Materials for this guide include background information about the author and discussion questions to enhance your understanding and stimulate conversation about the story. In addition, the guide includes a series of short video discussions about the story, conducted by James W. Ceaser University of Virginia with the editors of the anthology.
She has been asked by Sheriff Peters to assist his wife in gathering personal belongings for Minnie Wright, whom he has jailed on suspicion of murdering her husband.
Peters, and George Henderson, the county attorney. She pauses before crossing the threshold, overwhelmed with guilt because she had never visited in the twenty years Minnie, her girlhood friend, has been married. She nervously listens to her husband describe coming to the Wright place on their isolated country road the night before, because he wanted to convince John Wright to get a telephone and share the installation costs.
Martha hopes her husband will not incriminate Minnie, but his remarks imply the Wrights were not happily married.
George Henderson takes notes as Mr. Hale tells how Mrs. Wright sat unemotionally rocking in her chair and responded oddly to his request to see her husband. She calmly replied that although he was home, he could not talk because he was dead.
Pleating her apron, she said he died of a rope around his neck while he was sleeping in bed with her; she did not know who did it because she was sleeping on the inside and she slept soundly.
That Minnie has murdered her husband seems clear to the attorney, but without her confession, he knows that a jury will want definite evidence, especially when trying a woman for murder.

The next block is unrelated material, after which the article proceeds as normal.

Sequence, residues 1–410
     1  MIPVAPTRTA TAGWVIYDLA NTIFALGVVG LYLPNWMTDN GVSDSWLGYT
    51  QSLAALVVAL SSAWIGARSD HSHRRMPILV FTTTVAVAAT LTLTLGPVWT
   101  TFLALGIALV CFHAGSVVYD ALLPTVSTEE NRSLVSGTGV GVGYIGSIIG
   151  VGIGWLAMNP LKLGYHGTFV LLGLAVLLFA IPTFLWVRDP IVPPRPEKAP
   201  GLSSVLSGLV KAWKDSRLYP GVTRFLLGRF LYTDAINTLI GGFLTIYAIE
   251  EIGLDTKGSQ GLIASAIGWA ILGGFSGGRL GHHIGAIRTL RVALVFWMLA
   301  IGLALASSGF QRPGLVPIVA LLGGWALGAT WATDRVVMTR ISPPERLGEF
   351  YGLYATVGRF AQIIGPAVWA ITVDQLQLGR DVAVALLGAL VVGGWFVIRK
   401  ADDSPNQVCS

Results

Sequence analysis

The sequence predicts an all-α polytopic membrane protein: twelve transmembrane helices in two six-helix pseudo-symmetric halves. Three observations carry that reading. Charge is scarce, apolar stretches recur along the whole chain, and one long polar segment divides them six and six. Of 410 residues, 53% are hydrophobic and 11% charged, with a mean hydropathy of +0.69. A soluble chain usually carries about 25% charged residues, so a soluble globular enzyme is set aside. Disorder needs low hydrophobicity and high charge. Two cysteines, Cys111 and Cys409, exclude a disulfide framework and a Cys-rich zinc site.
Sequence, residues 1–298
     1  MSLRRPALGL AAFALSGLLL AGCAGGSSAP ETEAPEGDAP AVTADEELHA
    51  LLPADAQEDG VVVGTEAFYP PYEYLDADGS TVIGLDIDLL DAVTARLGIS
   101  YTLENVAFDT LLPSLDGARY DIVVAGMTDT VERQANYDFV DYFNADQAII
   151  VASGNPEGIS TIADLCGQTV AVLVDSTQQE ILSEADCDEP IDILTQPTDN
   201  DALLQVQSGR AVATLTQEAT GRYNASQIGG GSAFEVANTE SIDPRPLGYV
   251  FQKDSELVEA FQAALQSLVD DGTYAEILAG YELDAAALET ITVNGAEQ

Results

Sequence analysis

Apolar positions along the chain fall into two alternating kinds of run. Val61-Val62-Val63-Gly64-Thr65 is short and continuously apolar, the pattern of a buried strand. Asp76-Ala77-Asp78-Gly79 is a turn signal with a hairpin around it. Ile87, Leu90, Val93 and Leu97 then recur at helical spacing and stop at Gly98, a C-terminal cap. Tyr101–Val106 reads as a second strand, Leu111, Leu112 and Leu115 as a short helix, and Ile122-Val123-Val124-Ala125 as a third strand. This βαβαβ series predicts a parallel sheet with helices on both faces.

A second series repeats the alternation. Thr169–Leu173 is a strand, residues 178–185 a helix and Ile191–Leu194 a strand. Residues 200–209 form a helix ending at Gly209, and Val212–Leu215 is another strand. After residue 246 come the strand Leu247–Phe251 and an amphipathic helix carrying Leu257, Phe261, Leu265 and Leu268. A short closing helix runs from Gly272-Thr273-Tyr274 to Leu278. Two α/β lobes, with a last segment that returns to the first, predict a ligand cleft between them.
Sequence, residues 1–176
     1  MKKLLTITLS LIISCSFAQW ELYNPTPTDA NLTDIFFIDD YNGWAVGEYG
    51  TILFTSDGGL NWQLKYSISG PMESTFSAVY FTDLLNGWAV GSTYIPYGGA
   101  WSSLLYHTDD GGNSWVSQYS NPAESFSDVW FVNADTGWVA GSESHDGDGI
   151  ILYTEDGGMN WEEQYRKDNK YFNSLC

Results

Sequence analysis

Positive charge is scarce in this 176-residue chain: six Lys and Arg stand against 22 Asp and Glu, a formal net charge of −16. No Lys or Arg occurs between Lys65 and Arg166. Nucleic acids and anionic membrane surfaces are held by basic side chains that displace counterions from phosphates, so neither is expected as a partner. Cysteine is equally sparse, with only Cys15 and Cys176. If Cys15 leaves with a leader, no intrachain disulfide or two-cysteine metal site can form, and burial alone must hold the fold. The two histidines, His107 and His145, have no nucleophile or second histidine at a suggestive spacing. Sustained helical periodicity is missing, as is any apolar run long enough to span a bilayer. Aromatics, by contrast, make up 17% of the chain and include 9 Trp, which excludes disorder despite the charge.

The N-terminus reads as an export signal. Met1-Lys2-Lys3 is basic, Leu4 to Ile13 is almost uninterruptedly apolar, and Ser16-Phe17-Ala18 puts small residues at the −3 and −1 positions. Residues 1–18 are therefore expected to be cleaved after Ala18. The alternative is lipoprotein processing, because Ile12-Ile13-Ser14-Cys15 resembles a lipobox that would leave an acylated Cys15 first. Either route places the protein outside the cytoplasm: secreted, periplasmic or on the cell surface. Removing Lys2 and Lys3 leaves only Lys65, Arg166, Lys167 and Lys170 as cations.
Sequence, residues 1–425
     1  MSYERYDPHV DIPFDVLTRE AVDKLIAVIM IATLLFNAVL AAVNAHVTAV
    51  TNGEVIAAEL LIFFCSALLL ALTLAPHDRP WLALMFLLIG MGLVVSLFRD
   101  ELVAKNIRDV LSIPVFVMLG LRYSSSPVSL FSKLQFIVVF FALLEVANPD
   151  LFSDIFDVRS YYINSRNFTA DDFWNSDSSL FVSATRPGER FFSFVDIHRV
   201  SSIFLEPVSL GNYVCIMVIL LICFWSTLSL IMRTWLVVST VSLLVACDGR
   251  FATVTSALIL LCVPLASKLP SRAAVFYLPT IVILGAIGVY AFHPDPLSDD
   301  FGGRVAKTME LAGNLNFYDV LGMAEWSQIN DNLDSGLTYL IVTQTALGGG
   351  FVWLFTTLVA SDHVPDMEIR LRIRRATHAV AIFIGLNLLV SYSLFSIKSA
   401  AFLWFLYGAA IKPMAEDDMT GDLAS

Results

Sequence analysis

Seeking evidence of a motive, the sheriff looks around at the kitchen things, and Mr.
Hale comments with a tone of superiority that women worry over trifles. Peters instinctively move closer together and defend their neighbor as if she were a close friend. Hale questions whether the women would even know a clue if they came on it, the men leave the kitchen to solve the mystery.
Now alone to piece together the puzzle, the two women deduce from small details, such as spilled sugar not cleaned off the table, what must have happened the day John Wright was killed.
Martha suddenly understands that Minnie, once a lively girl who wore pretty clothes and sang in the choir, kept to herself after marriage because she was ashamed of her shabby appearance.
Peters realizes that a person gets discouraged and loses heart after years of loneliness. Peters whether she thought it was to be quilted or knotted. At that moment, the men come in. Laughing at the trifling question about the quilt, Mr. Hale mockingly repeats it.
When the three men leave for the barn, the women discover more clues.Get an answer for 'Why did Mrs. Wright kill her husband? She killed him over a small bird' and find homework help for other Trifles questions at eNotes.
Adapted from yunusemremert.com, provides background materials and discussion questions to enhance your understanding and stimulate conversation about “A Jury of Her Peers.” After learning about the author, Susan Glaspell, read her story.
"Downloads. The Potatoes suite includes six applications, enabling you to create interactive multiple-choice, short-answer, jumbled-sentence, crossword, matching/ordering and gap-fill exercises for the World Wide Web. Hot Potatoes is not freeware, but it is free of charge for non-profit educational users who make their pages available on the web.
Susan Glaspell was born in ; she wrote a short story called “A Jury of Her Peers” based on her play Trifles. Susan Glaspell received a degree in philosophy from Drake University.
Susan Glaspell received a degree in philosophy from Drake University. The following is a list of episodes from the television show Alfred Hitchcock Presents.
The following is a list of episodes from the television show Alfred Hitchcock Presents.